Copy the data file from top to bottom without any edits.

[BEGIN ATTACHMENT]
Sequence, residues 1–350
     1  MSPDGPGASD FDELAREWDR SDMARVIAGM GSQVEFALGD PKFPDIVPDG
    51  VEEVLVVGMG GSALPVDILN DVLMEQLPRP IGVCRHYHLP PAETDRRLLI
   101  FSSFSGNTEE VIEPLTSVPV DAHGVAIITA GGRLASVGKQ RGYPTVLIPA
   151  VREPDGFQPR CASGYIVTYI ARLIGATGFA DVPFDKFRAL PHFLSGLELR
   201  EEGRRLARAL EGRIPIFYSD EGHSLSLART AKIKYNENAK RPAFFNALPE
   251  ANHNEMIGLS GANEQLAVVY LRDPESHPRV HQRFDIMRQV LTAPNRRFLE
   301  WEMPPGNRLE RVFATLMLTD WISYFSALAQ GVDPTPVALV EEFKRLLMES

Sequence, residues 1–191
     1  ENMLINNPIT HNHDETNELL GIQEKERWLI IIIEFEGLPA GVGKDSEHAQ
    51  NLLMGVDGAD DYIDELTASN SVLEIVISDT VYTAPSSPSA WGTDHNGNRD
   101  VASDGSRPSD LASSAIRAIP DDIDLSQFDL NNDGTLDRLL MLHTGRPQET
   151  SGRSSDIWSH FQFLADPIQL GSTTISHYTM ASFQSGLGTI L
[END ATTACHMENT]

Sequence, residues 1–350
     1  MSPDGPGASD FDELAREWDR SDMARVIAGM GSQVEFALGD PKFPDIVPDG
    51  VEEVLVVGMG GSALPVDILN DVLMEQLPRP IGVCRHYHLP PAETDRRLLI
   101  FSSFSGNTEE VIEPLTSVPV DAHGVAIITA GGRLASVGKQ RGYPTVLIPA
   151  VREPDGFQPR CASGYIVTYI ARLIGATGFA DVPFDKFRAL PHFLSGLELR
   201  EEGRRLARAL EGRIPIFYSD EGHSLSLART AKIKYNENAK RPAFFNALPE
   251  ANHNEMIGLS GANEQLAVVY LRDPESHPRV HQRFDIMRQV LTAPNRRFLE
   301  WEMPPGNRLE RVFATLMLTD WISYFSALAQ GVDPTPVALV EEFKRLLMES

Sequence, residues 1–191
     1  ENMLINNPIT HNHDETNELL GIQEKERWLI IIIEFEGLPA GVGKDSEHAQ
    51  NLLMGVDGAD DYIDELTASN SVLEIVISDT VYTAPSSPSA WGTDHNGNRD
   101  VASDGSRPSD LASSAIRAIP DDIDLSQFDL NNDGTLDRLL MLHTGRPQET
   151  SGRSSDIWSH FQFLADPIQL GSTTISHYTM ASFQSGLGTI L